Has India started approaching the elusive state of gaining herd immunity against the Coronavirus? The results from the seroprevalence survey carried out across the national capital seem to indicate that herd immunity may be a possible explanation as to why infection rates across the country have been going down for quite some time in official figures. The survey, which checks for the presence of antibodies against the Coronavirus, found that 56.13 per cent of the people in the city have developed these antibodies. This survey had a sample size of 28,000 across 11 districts in India, making it the largest sero-survey of its kind that has been carried out in the nation. While similar surveys have been carried out across the country, Delhi has reported the highest levels of seropositivity.
At face value, it may be easy to take this as a sign that India has been successful in building-up its herd immunity at a time when the world is suffering from yet another wave of the pandemic. But this possible build-up of immunity is not by design. The only known example of an 'intentional' move towards achieving herd immunity in the world met with disastrous consequences as Sweden had to call off its minimum restrictions approach in the midst of a surging death count. If India has indeed achieved such immunity, it would also in some ways indicate the failure of virus control measures as there are many indications that India has or had a high amount of undetected cases which may have been asymptomatic or mild in nature. Many experts have questioned as to whether the world's largest lockdown (and among the strictest) was actually effective in controlling the spread of the virus. Several mistakes may have contributed to the spread of the virus to such a wide extent but the important one to note is that at a certain stage during the unlock phases, doubt and complacency loosened the hold of masking and social distancing rules over parts of the population. Besides those who could not, for various reasons, stay indoors and suitably socially distanced, many simply abandoned safety measures over time for reasons of inconvenience or because they fell into believing conspiracy theories that either showed the pandemic to be an exaggeration of a much smaller, less dangerous outbreak or a hoax in its entirety, cooked-up for a variety of supposed reasons.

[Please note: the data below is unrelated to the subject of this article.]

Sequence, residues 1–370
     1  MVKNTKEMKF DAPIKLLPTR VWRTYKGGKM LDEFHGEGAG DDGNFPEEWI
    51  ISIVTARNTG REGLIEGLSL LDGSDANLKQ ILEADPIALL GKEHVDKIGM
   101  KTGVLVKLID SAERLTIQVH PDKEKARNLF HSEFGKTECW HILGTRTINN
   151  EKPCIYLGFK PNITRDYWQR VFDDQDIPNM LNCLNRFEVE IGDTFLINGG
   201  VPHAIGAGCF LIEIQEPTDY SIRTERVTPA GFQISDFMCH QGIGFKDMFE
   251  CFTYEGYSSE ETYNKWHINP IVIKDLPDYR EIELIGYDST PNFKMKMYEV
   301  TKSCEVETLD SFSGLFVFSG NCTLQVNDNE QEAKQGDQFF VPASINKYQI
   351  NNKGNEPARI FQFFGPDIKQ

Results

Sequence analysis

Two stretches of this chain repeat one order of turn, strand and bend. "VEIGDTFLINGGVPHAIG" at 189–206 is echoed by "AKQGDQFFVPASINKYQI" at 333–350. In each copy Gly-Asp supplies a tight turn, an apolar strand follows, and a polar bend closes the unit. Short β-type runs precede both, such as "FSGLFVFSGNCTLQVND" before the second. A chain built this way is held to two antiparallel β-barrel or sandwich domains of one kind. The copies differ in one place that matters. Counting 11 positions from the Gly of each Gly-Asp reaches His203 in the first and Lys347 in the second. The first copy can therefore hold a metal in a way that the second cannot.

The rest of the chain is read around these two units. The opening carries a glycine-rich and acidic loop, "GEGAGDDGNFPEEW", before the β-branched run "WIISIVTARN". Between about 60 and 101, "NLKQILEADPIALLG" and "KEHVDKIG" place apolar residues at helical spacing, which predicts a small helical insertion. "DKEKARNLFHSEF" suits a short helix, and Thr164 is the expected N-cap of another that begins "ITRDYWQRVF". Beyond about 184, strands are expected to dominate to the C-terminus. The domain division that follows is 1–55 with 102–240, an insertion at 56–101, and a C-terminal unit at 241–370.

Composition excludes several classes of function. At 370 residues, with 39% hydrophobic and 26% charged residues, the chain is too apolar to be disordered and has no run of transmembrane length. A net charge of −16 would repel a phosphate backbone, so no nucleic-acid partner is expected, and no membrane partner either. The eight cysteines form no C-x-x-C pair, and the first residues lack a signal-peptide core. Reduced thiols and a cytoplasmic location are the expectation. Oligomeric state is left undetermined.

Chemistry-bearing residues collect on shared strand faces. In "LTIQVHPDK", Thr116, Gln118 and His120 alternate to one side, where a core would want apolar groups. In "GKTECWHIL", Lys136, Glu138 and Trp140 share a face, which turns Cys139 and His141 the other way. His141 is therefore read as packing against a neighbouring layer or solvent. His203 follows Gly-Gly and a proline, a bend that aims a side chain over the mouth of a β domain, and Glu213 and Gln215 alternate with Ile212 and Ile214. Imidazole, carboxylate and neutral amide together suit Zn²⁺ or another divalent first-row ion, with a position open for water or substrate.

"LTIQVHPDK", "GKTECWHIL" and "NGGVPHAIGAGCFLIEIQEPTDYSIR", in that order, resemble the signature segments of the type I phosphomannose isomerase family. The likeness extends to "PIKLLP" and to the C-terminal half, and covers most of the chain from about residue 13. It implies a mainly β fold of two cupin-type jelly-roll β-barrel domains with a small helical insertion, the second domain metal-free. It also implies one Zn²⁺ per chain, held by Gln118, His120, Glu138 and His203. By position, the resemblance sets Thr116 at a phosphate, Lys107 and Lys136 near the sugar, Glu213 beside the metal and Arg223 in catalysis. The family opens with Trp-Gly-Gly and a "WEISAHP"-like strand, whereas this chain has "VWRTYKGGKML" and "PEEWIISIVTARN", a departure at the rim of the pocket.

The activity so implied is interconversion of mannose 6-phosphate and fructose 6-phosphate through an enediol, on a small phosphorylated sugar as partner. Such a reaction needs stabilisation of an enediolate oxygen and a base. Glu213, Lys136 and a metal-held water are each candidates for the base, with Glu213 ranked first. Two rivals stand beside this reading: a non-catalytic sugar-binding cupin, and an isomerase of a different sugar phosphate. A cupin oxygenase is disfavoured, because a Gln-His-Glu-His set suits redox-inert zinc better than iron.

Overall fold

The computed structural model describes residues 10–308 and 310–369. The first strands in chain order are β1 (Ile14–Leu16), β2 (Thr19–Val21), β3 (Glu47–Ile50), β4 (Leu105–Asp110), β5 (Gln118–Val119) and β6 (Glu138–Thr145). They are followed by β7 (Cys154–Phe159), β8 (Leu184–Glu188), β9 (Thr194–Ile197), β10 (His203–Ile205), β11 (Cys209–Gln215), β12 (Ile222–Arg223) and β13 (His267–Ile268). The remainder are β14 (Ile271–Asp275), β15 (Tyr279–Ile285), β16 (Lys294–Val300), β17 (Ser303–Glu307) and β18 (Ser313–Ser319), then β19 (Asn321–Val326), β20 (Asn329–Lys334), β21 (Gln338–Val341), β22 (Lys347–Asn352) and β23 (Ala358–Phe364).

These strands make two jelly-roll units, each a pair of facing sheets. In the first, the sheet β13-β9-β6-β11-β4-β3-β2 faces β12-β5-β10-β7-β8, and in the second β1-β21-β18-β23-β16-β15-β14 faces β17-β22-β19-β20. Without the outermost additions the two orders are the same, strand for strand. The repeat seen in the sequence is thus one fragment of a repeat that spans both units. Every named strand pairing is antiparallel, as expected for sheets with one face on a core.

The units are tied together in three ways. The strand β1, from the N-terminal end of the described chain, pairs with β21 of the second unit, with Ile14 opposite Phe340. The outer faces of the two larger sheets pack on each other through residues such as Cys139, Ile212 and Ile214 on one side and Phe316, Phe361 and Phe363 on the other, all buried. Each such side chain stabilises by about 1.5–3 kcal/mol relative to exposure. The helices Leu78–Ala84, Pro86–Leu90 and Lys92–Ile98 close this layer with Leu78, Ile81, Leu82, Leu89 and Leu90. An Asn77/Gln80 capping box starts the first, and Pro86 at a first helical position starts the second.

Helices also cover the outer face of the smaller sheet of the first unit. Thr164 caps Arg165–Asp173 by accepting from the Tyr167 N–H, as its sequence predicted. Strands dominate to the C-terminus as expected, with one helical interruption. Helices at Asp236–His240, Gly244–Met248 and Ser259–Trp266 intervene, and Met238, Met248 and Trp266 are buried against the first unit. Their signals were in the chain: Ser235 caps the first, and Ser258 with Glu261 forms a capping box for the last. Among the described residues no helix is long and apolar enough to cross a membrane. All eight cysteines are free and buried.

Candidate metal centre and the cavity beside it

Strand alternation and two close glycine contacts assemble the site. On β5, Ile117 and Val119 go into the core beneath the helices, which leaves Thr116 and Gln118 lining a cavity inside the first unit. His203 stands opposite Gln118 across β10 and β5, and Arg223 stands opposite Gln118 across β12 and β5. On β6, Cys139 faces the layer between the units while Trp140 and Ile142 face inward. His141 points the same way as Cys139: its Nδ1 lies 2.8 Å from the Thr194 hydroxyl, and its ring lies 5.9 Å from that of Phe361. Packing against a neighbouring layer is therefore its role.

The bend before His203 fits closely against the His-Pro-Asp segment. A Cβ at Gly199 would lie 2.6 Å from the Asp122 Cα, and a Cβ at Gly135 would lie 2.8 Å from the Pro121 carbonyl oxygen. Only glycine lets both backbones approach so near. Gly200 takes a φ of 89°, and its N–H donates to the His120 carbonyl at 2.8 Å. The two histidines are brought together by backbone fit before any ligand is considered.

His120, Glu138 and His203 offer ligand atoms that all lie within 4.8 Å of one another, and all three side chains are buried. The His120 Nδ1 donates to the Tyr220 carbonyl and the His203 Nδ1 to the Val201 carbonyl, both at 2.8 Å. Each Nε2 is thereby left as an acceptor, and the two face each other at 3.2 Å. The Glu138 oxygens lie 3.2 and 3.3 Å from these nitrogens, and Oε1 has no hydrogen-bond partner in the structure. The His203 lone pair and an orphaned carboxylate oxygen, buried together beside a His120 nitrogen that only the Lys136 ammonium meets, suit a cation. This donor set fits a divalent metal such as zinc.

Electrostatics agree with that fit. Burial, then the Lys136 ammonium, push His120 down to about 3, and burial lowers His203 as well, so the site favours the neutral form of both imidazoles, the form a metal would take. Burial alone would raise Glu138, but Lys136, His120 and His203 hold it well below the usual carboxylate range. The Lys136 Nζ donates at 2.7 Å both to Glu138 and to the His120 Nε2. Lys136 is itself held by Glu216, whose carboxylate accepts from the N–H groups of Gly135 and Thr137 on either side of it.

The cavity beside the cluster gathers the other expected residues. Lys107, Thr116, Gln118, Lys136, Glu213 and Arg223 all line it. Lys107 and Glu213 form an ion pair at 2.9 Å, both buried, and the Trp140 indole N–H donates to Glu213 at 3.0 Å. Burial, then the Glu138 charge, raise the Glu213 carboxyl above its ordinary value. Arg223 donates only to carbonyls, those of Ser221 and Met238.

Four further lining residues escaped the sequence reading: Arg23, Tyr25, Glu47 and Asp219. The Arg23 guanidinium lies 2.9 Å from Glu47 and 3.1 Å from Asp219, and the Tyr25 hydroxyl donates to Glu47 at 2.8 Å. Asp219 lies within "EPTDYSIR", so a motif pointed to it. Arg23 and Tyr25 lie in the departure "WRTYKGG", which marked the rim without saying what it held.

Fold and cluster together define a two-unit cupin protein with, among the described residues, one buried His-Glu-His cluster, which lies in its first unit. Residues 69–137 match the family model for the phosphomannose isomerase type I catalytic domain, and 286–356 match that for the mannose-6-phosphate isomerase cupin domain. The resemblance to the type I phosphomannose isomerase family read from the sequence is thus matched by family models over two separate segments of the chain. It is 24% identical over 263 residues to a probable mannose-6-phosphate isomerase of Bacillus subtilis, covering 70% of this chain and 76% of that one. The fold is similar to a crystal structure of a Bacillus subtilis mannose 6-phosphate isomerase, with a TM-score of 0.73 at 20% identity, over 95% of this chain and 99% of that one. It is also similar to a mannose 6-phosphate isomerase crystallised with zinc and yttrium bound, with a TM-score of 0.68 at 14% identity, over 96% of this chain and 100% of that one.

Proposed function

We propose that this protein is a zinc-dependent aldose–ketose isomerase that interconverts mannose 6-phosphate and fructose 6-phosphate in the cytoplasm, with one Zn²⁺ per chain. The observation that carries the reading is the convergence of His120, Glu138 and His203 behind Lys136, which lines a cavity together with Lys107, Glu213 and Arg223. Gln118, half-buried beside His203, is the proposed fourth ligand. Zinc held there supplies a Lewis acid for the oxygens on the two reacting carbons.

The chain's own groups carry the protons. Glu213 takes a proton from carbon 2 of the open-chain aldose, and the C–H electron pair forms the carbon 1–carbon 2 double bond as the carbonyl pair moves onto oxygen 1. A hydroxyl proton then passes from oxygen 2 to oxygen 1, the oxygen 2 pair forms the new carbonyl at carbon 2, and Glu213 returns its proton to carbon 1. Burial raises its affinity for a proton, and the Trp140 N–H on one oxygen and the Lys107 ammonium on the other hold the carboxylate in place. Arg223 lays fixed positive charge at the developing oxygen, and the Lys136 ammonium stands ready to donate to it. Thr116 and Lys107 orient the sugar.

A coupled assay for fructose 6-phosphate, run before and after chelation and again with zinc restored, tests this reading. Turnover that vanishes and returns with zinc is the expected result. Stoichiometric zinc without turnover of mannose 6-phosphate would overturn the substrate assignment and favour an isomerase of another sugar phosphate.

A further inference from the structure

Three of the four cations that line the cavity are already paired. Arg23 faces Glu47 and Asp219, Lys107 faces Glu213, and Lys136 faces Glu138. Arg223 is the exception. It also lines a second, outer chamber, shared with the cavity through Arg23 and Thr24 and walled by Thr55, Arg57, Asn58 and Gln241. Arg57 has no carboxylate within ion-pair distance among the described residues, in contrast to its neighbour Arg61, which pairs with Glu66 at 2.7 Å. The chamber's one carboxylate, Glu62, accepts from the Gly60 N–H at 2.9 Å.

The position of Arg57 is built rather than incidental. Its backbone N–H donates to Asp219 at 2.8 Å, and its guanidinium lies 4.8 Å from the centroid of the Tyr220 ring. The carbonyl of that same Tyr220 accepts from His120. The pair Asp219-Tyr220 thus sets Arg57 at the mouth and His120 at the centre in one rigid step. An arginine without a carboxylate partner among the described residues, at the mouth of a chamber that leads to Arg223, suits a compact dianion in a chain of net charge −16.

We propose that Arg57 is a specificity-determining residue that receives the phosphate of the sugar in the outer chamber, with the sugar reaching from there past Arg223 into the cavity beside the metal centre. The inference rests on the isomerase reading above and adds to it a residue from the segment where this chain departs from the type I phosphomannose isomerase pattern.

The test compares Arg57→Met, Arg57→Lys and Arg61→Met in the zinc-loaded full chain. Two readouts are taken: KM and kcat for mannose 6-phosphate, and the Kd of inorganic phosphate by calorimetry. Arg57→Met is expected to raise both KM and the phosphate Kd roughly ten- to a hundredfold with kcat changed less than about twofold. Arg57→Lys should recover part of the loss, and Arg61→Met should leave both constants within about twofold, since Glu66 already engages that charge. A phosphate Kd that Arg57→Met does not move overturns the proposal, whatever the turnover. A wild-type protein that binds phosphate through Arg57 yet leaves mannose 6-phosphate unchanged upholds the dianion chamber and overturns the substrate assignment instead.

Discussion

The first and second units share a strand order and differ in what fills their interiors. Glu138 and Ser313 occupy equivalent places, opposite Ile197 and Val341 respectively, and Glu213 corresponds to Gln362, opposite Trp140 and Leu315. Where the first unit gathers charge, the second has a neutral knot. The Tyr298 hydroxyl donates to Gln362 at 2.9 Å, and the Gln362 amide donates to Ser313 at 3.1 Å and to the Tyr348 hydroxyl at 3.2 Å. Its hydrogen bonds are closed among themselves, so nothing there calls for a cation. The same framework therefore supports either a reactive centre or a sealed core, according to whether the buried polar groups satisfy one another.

Indeed, such an attitude towards the pandemic has also been seen as a significant impediment towards the mass vaccination campaign that is currently underway in the nation with many showing a reluctance towards taking the vaccine as official infection numbers dropped across the country. It is important to note that even this assumption of herd immunity, regardless of how it was achieved, is not an absolute certainty. Experts have compared the case of Delhi with that of the Brazilian city of Manaus. A study carried out in Manaus using blood donors as samples indicated that about 76 per cent of the population of the city may well have been infected by the virus at some point. In keeping with this, the case count in the city was apparently kept relatively low for months before seeing a sharp resurgence in recent times. If this resurgence may be seen as a result of immunity fading over time, then it is reasonable to expect that the possible herd immunity in Delhi and elsewhere in India will also likewise fade. Much like vaccine immunity, natural immunity too fades with time. This is precisely why health experts still recommend those who have been vaccinated to carry on with masking, sanitising and social-distancing measures until the chain of infection is broken completely and the virus recedes. Then there is the fear of the new variants making such antibodies ineffective or at least less effective. Presently, several new variants of the Coronavirus are being reported across the world with health bodies reporting that the strains are possibly more infectious and even more deadly. As the global vaccination campaign will likely take quite some time, the likelihood of new variants emerging and starting new infection waves cannot be ruled out. Thus, it is too early for complacency and relief. Much like the rest of the world, India is not out of the figurative woods yet.